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PERFORMANCE EVALUATION OF SLOTTED AND CONTINUOUS TYPES WIND TURBINE BLADE SARAH NARIMAH NOORAZYZE BT ZAINAL RAMLAN NOORAZYZE

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PERFORMANCE EVALUATION OF SLOTTED AND CONTINUOUS TYPES WIND TURBINE BLADE SARAH NARIMAH NOORAZYZE BT ZAINAL RAMLAN NOORAZYZE A project report submitted in partial fulfillment of the requirement for the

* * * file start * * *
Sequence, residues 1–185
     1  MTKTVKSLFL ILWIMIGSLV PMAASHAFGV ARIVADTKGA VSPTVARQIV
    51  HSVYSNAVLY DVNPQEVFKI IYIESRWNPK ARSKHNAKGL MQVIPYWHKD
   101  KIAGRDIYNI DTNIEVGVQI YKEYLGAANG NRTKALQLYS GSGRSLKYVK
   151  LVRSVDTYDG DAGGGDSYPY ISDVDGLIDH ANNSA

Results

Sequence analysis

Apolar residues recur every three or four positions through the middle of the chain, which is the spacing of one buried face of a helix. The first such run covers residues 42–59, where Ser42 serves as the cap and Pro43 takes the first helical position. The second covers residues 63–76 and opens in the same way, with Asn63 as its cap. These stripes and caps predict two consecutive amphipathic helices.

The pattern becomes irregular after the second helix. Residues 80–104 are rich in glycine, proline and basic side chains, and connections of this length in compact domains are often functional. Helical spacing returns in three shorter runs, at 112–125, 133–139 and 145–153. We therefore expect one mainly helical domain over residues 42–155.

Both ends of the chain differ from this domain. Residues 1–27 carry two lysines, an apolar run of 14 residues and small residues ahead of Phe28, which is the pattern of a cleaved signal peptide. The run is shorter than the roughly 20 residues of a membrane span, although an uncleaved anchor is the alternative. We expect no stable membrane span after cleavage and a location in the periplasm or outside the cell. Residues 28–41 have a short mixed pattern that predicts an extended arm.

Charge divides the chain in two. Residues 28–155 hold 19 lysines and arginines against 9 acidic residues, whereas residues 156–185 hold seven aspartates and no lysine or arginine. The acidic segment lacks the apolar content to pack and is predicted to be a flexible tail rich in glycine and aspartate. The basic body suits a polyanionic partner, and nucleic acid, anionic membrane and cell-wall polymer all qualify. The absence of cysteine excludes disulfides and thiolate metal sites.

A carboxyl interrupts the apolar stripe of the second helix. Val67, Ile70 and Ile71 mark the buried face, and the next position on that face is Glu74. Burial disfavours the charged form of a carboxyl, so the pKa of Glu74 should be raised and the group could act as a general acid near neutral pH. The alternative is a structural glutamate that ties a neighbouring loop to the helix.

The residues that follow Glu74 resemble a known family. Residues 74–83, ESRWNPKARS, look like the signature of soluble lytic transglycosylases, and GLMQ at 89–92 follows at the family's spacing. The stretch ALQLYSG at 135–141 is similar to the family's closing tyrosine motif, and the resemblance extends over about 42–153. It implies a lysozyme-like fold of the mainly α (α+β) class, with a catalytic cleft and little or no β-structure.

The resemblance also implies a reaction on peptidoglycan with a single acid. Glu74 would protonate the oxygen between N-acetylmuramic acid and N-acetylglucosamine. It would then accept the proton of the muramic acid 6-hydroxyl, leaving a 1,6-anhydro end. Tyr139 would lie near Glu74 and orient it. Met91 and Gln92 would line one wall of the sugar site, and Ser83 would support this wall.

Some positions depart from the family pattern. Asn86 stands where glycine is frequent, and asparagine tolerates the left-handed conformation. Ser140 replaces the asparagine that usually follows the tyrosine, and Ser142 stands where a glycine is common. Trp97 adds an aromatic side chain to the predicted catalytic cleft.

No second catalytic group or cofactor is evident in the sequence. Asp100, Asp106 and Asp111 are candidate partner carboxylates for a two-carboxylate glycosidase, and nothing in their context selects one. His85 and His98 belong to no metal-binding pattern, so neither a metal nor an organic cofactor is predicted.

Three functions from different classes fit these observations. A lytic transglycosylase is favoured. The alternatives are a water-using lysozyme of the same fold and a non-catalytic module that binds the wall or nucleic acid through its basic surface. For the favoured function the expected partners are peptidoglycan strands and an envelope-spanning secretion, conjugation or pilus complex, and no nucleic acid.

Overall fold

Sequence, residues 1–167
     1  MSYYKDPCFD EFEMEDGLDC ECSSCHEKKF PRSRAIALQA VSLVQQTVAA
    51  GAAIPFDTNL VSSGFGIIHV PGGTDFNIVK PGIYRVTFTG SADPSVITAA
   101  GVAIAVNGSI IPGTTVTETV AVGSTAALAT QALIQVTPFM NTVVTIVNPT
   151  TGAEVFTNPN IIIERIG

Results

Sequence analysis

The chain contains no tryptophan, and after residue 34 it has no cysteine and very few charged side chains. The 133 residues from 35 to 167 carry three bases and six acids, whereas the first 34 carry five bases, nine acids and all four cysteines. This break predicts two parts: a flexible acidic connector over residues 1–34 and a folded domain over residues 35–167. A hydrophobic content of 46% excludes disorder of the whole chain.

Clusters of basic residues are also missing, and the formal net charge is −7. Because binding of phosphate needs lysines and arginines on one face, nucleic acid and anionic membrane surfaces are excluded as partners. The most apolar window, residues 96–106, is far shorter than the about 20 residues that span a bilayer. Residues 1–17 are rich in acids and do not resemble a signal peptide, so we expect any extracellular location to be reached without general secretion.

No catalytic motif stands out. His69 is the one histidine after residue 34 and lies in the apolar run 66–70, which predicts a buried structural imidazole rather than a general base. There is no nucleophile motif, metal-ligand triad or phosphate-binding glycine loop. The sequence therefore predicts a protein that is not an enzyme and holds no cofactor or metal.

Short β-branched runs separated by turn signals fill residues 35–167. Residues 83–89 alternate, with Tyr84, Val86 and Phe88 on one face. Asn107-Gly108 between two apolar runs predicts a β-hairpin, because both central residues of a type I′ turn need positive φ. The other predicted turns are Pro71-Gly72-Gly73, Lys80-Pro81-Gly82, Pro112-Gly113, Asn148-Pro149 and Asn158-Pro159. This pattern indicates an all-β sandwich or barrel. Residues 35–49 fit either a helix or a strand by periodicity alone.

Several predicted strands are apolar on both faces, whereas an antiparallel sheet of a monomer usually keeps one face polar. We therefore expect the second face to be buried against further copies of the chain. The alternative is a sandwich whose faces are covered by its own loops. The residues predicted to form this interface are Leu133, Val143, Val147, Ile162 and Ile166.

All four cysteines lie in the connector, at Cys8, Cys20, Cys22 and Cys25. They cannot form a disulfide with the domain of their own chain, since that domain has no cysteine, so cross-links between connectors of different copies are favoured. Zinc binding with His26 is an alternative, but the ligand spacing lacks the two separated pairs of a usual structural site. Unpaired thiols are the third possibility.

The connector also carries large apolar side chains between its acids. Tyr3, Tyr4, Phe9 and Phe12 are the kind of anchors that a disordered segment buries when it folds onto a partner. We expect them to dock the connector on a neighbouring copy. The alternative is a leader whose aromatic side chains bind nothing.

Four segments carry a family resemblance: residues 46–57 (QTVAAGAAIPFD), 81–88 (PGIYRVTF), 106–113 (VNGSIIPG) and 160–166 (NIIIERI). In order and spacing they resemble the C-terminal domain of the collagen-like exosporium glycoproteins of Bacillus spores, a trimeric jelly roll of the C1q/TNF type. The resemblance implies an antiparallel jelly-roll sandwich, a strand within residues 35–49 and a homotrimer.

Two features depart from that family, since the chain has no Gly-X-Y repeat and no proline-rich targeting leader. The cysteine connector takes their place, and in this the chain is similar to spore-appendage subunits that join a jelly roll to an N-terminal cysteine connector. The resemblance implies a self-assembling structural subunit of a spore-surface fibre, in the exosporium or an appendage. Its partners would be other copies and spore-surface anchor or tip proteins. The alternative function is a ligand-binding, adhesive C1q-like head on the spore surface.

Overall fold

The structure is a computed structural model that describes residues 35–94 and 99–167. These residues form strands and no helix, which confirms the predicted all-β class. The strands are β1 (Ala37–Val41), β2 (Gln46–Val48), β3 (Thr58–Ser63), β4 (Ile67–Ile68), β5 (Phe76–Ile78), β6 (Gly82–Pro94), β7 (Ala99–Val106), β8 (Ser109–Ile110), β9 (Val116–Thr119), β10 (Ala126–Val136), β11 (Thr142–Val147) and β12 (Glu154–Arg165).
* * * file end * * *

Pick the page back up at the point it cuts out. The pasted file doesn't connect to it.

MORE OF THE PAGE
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PERFORMANCE EVALUATION OF SLOTTED AND CONTINUOUS TYPES WIND TURBINE BLADE SARAH NARIMAH NOORAZYZE BT ZAINAL RAMLAN NOORAZYZE A project report submitted in partial fulfillment of the requirement for the award of the Degree of Master of Mechanical Engineering Faculty of Mechanical and Manufacturing Engineering Universiti Tun Hussein Onn Malaysia JANUARY 2014 v ABSTRACT Nowadays, wind turbine became one of the largest energy suppliers of energy in world. The focal point in the wind turbine system is where the wind is harvested and converted into useable energy by the wind turbine blade. This study emphasized on determining the performance of continuous and slotted type of 5 meter diameter wind turbine blades for low wind speed in Malaysia. The Autodesk Inventor 2013 software was used as to develop the three dimensional model NACA 4412 airfoil blades with and without slot before evaluation of aerodynamic characteristics by using ANSYS software. This evaluation of aerodynamic characteristics of the slotted wind turbine blades with different slot configurations is believed could to benefit the material weight reduce its cost as it is constantly rising. Blades with lighter material would produce wind turbines with low rotational inertia and therefore would yield better energy performance at lower wind speeds. The aerodynamic results shows an increased value of lift coefficient with the increasing value of angle of attack (0-30 ). vi ABSTRAK Pada masa kini, turbin angin menjadi salah satu pembekal terbesar tenaga di dunia. Tumpuan utama dalam sistem turbin angin di mana angin dituai dan ditukar menjadi tenaga yang boleh digunakan ialah bilah turbin angin. Kajian ini akan memberi penekanan dalam menentukan prestasi bilah turbin berdiameter 5 meter iaitu bilah asal dan bilah yang telah dislotkan bagi kelajuan angin rendah di Malaysia. Proses merekabentuk bilah model NACA 4412 dengan dan tanpa slot ini adalah menggunakan perisian Autodesk sebelum penilaian ciri-ciri aerodinamik dengan menggunakan perisian ANSYS. Kajian aerodinamik dilakukan terhadap bilah berslot ini adalah pada pelbagai konfigurasi dipercayai dapat memberi manfaat kepada penggunaan bahan mentah yang lebih ringan dan sekaligus merendahkan kos bahan yang semakin meningkat dari hari ke hari. Bilah yang ringan juga dipercayai dapat menghasilkan momen inersia yang rendah sekaligus mmenghasilkan lebih banyak tenaga pada kelajuan angina yang rendah. Keputusan aerodinamik menunjukkan nilai peningkatan pekali daya angkat meningkat apabila sudut angin semakin meningkat (0-30 ). vii TABLE OF CONTENT TITLE i DECLARATION DEDICATION ACKNOWLEDGEMENT ABSTRACT ii iii iv v ABSTRAK TABLE OF CONTENT LIST OF TABLE LIST OF FIGURES vi vii xi xii LIST OF SYMBOLS AND ABBREVIATIONS xv CHAPTER 1 INTRODUCTION Research background Problem statement Objective Scope of study 3 viii CHAPTER 2 LITERATURE REVIEW Wind turbine History of wind turbine Advantages and challenges of wind energy Horizontal and Vertical Axis Wind Turbine Characteristic of Wind Speed in Malaysia Characteristic of wind turbine blade Placement Number of Blades Blade profile Material Airfoil concepts NACA Lift (C L ) and Drag (C D ) coefficient Angle of Attack (α) C L, C D and α for NACA Bernoulli theorem 19 ix CHAPTER 3 METHODOLOGY Introduction Starting the project Literature review Designing and simulation process D wind turbine modeling using autodesk Inventor Analysis using ANSYS Fluent software Aerodynamic comparison 29 CHAPTER 4 RESULTS AND DISCUSSIONS Continuous Blade (radius 5 meter) Continuous Blade, Vertical and Horizontal Slotted Blade Lift Coefficient, C L Drag Coefficient, C D Lift to Drag Coefficient (C L /C D ) Effect of Number of slotted blade Lift Coefficients (C L ) Drag Coefficients (C D ) 54 x Lift to Drag Coefficients (C L /C D ) Velocity distribution Discussion 71 CHAPTER 5 CONCLUSION AND FUTURE WORK 75 REFERENCES 77 xi LIST OF TABLE 2.1 The two mechanism of propulsion compared Modern and historical rotor design Comparison previous work and result ANSYS results of lift coefficient (C L ) ANSYS results of drag coefficient (C D ) ANSYS results of lift to drag coefficient (C L /C D ) ANSYS result for Vertical Slotted blade 5mm (C L ) ANSYS result for slotted blade 10mm (C L ) ANSYS result for slotted blade 15mm (C L ) ANSYS result for Vertical Slotted blade 30mm (C L ) ANSYS result for vertical slotted blade 5mm (C D ) ANSYS result for vertical slotted blade 10mm (C D ) ANSYS result for vertical slotted blade 15mm (C D ) ANSYS result for vertical slotted blade 30mm (C D ) ANSYS result for vertical slotted blade 5mm (C L /C D ) ANSYS result for vertical slotted blade 10mm (C L /C D ) ANSYS result for vertical slotted blade 15mm (C L /C D ) ANSYS result for vertical slotted blade 30mm (C L /C D ) Velocity distribution Pugh Method for Solid blade, Horizontal and Vertical Slotted blade Pugh Method for Solid Blade and Vertical Blade Multi size and number of slots Mass and volume for solid and vertical slotted blade 74 xii LIST OF FIGURES 2.1 Alternative Configurations for Shaft and Rotor Orientation Horizontal Axis and Vertical Axis wind turbine NACA4412 airfoil s geometry Airfoil Concepts Angle of Attack Project Gantt Chart Project Flow Chart Solid continuous blade Horizontal slotted blade design Vertical slotted blade design Design and Modeling Process Solid continuous blade design (measurement in mm) Horizontal slotted blade design (measurement in mm) Vertical slotted blade design (measurement in mm) D Wind turbine design (measurement in mm) C L vs. α (Horizontal Slotted Blade) C L vs. α (Vertical Slotted Blade) C L vs. α (comparison solid and vertical slotted blade) C L vs. α (comparison solid and horizontal slotted blade) CL vs. α (comparison solid and slotted blade size 5mm) C L vs. α (comparison solid and slotted blade size 10mm) C L vs. α (comparison solid and slotted blade size 15mm) C L vs. α (comparison solid and slotted blade size 30mm) C D vs. α (Horizontal Slotted Blade) C D vs. α (Vertical Slotted Blade) 39 xiii 4.11 C D vs. α (comparison solid and horizontal slotted blade) C D vs. α (comparison solid and vertical slotted blade) C D vs. α (comparison solid and slotted blade size 5mm) C D vs. α (comparison solid and slotted blade size 10mm) C D vs. α (comparison solid and slotted blade size 15mm) C D vs. α (comparison solid and slotted blade size 30mm) C L /C D vs. α (Horizontal Slotted Blade) C L /C D vs. α (Vertical Slotted Blade) C L /C D vs. α (Comparison solid blade and horizontal slotted blade C L /C D vs. α (Comparison solid blade and vertical slotted blade) C L /C D vs. α (Comparison solid and slotted blade size 5mm) C L /C D vs. α (Comparison solid and slotted blade size 10mm) C L /C D vs. α (Comparison solid and slotted blade size 15mm) C L /C D vs. α (Comparison solid and slotted blade size 30mm) C L vs. α (Vertical Slotted Blade, Slot Size = 5mm) C L vs. α (Vertical Slotted Blade, Slot Size = 10mm) C L vs. α (Vertical Slotted Blade, Slot Size = 15mm) C L vs. α (Vertical Slotted Blade, Slot Size = 30mm) C L vs. α (Comparison solid blade and Vertical Slotted Blade, N = 10) C L vs. α (Comparison solid blade and Vertical Slotted Blade, N = 20) C L vs. α (Vertical Slotted Blade, N = 30) C D vs. α (Vertical Slotted Blade, Slot Size = 5mm) 55 xiv 4.33 C D vs. α (Vertical Slotted Blade, Slot Size = 10mm) C D vs. α (Vertical Slotted Blade, Slot Size = 15mm) C D vs. α (Vertical Slotted Blade, Slot Size = 30mm) C D vs. α (comparison solid and Vertical Slotted Blade, N=10) C D vs. α (comparison solid and Vertical Slotted Blade, N=20) C D vs. α (comparison solid and Vertical Slotted Blade, N=30) C L /C D vs. α (Vertical Slotted Blade, Slot Size = 5mm) C L /C D vs. α (Vertical Slotted Blade, Slot Size = 10mm) C L /C D vs. α (Vertical Slotted Blade, Slot Size = 15mm) C L /C D vs. α (Vertical Slotted Blade, Slot Size = 30mm) C L /C D vs. α (comparison solid and Vertical Slotted Blade, N = 10) C L /C D vs. α (comparison solid and Vertical Slotted Blade, N = 20) C L /C D vs. α (comparison solid and Vertical Slotted Blade, N = 30) Velocity distribution for solid continuous blade (α = 10 ) Velocity distribution for slot size 5mm, N = 10 (α = 0 ) Velocity distribution for slot size 10mm, N=10 (α = 10 ) Velocity distribution for slot size 15mm, N=20 (α = 15 ) Velocity distribution for slot size 30mm, N=10 (α = 15 ) 70 xv LIST OF SYMBOLS AND ABBREVIATIONS α - Angle of attack - Efficiency C D C L D L F N - Drag coefficient - Lift coefficient - Drag - Lift - Force - Number of slot HAWT - Horizontal Axis Wind Turbine VAWT - Vertical Axis Wind Turbine CHAPTER 1 INTRODUCTION Wind turbines which were known as windmills many years ago was constructed from wood, cloth and stone for the purpose of pumping water or grinding corn are used as now used to extract the energies [1]. Nowadays, wind turbines became one of the largest suppliers of energy in the world. The focal point in the wind turbine system where the wind is converted into useable energy is the wind turbine blade. As the wind turbines in global energy production grow, wind turbines optimization becomes much more important [2, 3]. Wind turbines technology is one of the cleanest energy production machines [4], as they only require wind energy and maintenance to produce power. However the usage of wind turbine in Malaysia is still low compared to other countries like Spain, Denmark and China. This is likely due to the low rate of wind speed in most areas in Malaysia. 1.1 Research background Wind speed in most area in Malaysia is low and inconsistent. Furthermore, wind turbine for low wind speed is currently much expensive than high speed wind turbine as the output is lesser than the financial installation [5]. Thus, in order for wind energy to be competitive in the market and to enhance its usage, it is important that its weight and cost to be minimized through blade design optimization [6 8]. If its power capability is equal, then the cost of material could be reduced and there will be 2 more wind turbine usage in Malaysia. Currently, the wind blade is smooth and having a continuous surfaces which need higher cost in material and production As the speed of wind in Malaysia is low (between 5-17m/s), few consideration are needed as to enhance the wind harvested. Besides the design optimization which many other studies have done, the multi-rotor could be used in enhancing the wind harvested and this study is intended to design slotted blade. The slotted blade is proposed to reduce the overall weight of wind turbine rotor. The effect of number of slot and slot distance to the aerodynamic performance of the blade will be also evaluated using ANSYS software in this study. It is expected the slotted type wind turbine blade may benefits weight and cost reduction without compromising the performance of the wind turbine system. At the end of the study, the optimum slot configuration for wind turbine blade will be proposed. 1.2 Problem statement Nowadays, many wind turbines are using composite as it is cheaper and have higher flexibility than other materials. However it has more weight and needs special labour fabrication techniques to make the known wind turbine blades which are relatively costly [9], and there may be some quality control issues [10]. The low speed wind in Malaysia caused unworthy installation of wind turbine in most area because of its performance rate and cost. To overcome these disadvantages, this study will evaluate a performance of slotted wind turbine blade. It is expected the slotted type wind turbine blade may benefits weight and cost reduction without compromising the performance of the wind turbine system. 1.3 Objective 3 The objectives of this study are: a) To determine the performance of slotted type wind turbine blade b) To propose an optimum slot configuration for wind turbine blade 1.4 Scope of study The study will emphasize on determining the performance of continuous and slotted type of 5 meter diameter wind turbine blades for low wind speed in Malaysia. Following are the scopes of the study: i. Development of 3D model of the wind turbine rotor blades with and without slot by using Autodesk Inventor 2013 software. ii. Evaluation of aerodynamic characteristics (using ANSYS software) of the continuous and slotted wind turbine blades. iii. Evaluation of aerodynamic characteristics of the slotted wind turbine blades with different slot configurations. CHAPTER 2 LITERATURE REVIEW 2.1 Wind turbine For human development to continue, we will ultimately need to find sources of renewable or virtually inexhaustible energy. We need to imagine, what will humans do for the next 250,000 years or so after they are depleted? Even the most apparently inexhaustible sources like fusion involve the generation of large amounts of waste heat; enough to place damaging stress on even a robust ecosystem like Earth's, at least for the organisms that depend upon stability of the system to survive. At this point, wind gets a lot of attention History of wind turbine Since early recorded history, wind has been harvested to mill grains, power ships and even to generate electricity, starting in the 1930s. But as energy demand climbs, so have efforts to turn wind into a viable option for producing electricity on a large scale. Wind energy propelled boats along the Nile River as early as 5000 B.C. By 200 B.C., simple windmills in China were pumping water, while vertical-axis windmills with woven reed sails were grinding grain in Persia and the Middle East. 5 In the 1940s the largest wind turbine of the time began operating on a Vermont hilltop known as Grandpa's Knob. This turbine, rated at 1.25 megawatts in winds of about 30 mph, fed electric power to the local utility network for several months during World War II [8]. New ways of using the energy of the wind eventually spread around the world. By the 11th century, people in the Middle East were using windmills extensively for food production; returning merchants and crusaders carried this idea back to Europe [11]. The Dutch refined the windmill and adapted it for draining lakes and marshes in the Rhine River Delta. When settlers took this technology to the New World in the late 19th century, they began using windmills to pump water for farms and ranches, and later, to generate electricity for homes and industry. The popularity of using the energy in the wind has always fluctuated with the price of fossil fuels. When fuel prices fell after World War II, interest in wind turbines waned. But when the price of oil skyrocketed in the 1970s, so did worldwide interest in wind turbine generators. The wind turbine technology R&D that followed the oil embargoes of the 1970s refined old ideas and introduced new ways of converting wind energy into useful power. Many of these approaches have been demonstrated in wind farms or wind power plants groups of turbines that feed electricity into the utility grid [12]. Today, the lessons learned from more than a decade of operating wind power plants, along with continuing R&D, have made wind-generated electricity very close in cost to the power from conventional utility generation in some locations. Wind energy is the world's fastest-growing energy source and will power industry, businesses and homes with clean, renewable electricity for many years to come. At present, wind turbines can be catalogue into four areas [13]: 1. Light home wind turbines : 1.5kW 10kW 2. Medium and on grid wind turbine: 10kW 100kW 3. Large and on grid wind turbine: 100kW 1500kW 4. Larger and on grid wind turbine: 1.5MW Advantages and challenges of wind energy Basically wind energy is fueled by the wind, so it's a clean fuel source. Wind energy doesn't pollute the air like power plants that rely on combustion of fossil fuels, such as coal or natural gas [8]. Wind turbines don't produce atmospheric emissions that cause acid rain or greenhouse gasses. According to the American Wind Energy Association [14] On average, each MWh of electricity generated in the U.S. results in the emission of 1,341 pounds of carbon dioxide (CO 2 ), 7.5 pounds of sulphur dioxide (SO 2 ) and 3.55 pounds of nitrogen oxides (NOx). Thus the 10 million MWh of electricity generated annually by U.S. wind farms represents about 6.7 million tons in avoided CO 2 emissions, 37,500 tons of SO 2 and 17,750 tons of NOx. This avoided CO 2 equals over 1.8 million tons of carbon, enough to fill 180 trains, each 100 cars long, with each car holding 100 tons of carbon every year. And unlike most other electricity sources, wind turbines do not consume water. Wind power is a free and inexhaustible source of energy. Wind is actually a form of solar energy; winds are caused by the heating of the atmosphere by the sun, the rotation of the earth, and the earth's surface irregularities. Unlike fossil fuels such as coal and oil, which exist in a finite supply and which must be extracted from the earth at great environmental cost, wind turbines harness a boundless supply of kinetic energy in the form of wind. Adding to this, wind energy could be harvest from anywhere; urban, rural, offshore or even on the mountains. However, wind turbine must compete with conventional generation sources on a cost basis. Depending on how energetic a wind site is, the wind farm may or may not be cost competitive. Even though the cost of wind power has decreased dramatically in the past 10 years, the technology requires a higher initial investment than fossil-fueled generators [9]. Good wind sites are often located in remote locations, far from cities where the electricity is needed. Transmission lines must be built to bring the electricity from the wind farm to the city. Wind resource development may compete with other uses for the land and those alternative uses may be more highly valued than electricity generation. 7 Although wind power plants have relatively little impact on the environment compared to other conventional power plants, there is some concern over the noise produced by the rotor blades, aesthetic (visual) impacts, and sometimes birds have been killed by flying into the rotors. Most of these problems have been resolved or greatly reduced through technological development or by properly siting wind plants. 2.2 Horizontal and Vertical Axis Wind Turbine There are two major types of wind turbines: horizontal axis wind turbine (HAWT) and vertical axis wind turbine (VAWT). These turbines are named based on their rotor shaft location and the wind direction is shown as in Figure 2.1 [4, 12]. VAWT Wind Direction Wind Direction HAWT Figure 2.1: Alternative Configurations for Shaft and Rotor Orientation [4, 12]. Horizontal axis wind turbines (HAWT) have a horizontal rotor shaft and an electrical generator at the top of its tower as in Figure 2.2 [15]. HAWT is almost parallel to the wind stream and it has some distinct advantages such as low cut-in wind speed and easy furling [16, 17]. In general, they show relatively high power coefficient. However, the generator and gearbox of this axis of rotation horizontal to the ground and almost turbines are to be placed over the tower which makes its design more complex and expensive [16, 18]. 8 HAWT also have the ability to collect maximum amount of wind energy for time of day and season and their blades can be adjusted to avoid high wind storm. Wind turbines operate in two modes namely constant or variable speed [19, 20]. For a constant speed turbine, the rotor turns at constant angular speed regardless of wind variations. One advantage of this mode is that it eliminates expensive power electronics such as inverters and converters. Its drawback however, is that it constraints rotors speed so that the turbine cannot operate at the peak efficiency in all wing speeds. For this reason, a constant wind speed turbine produces less energy at low wind speeds than does a variable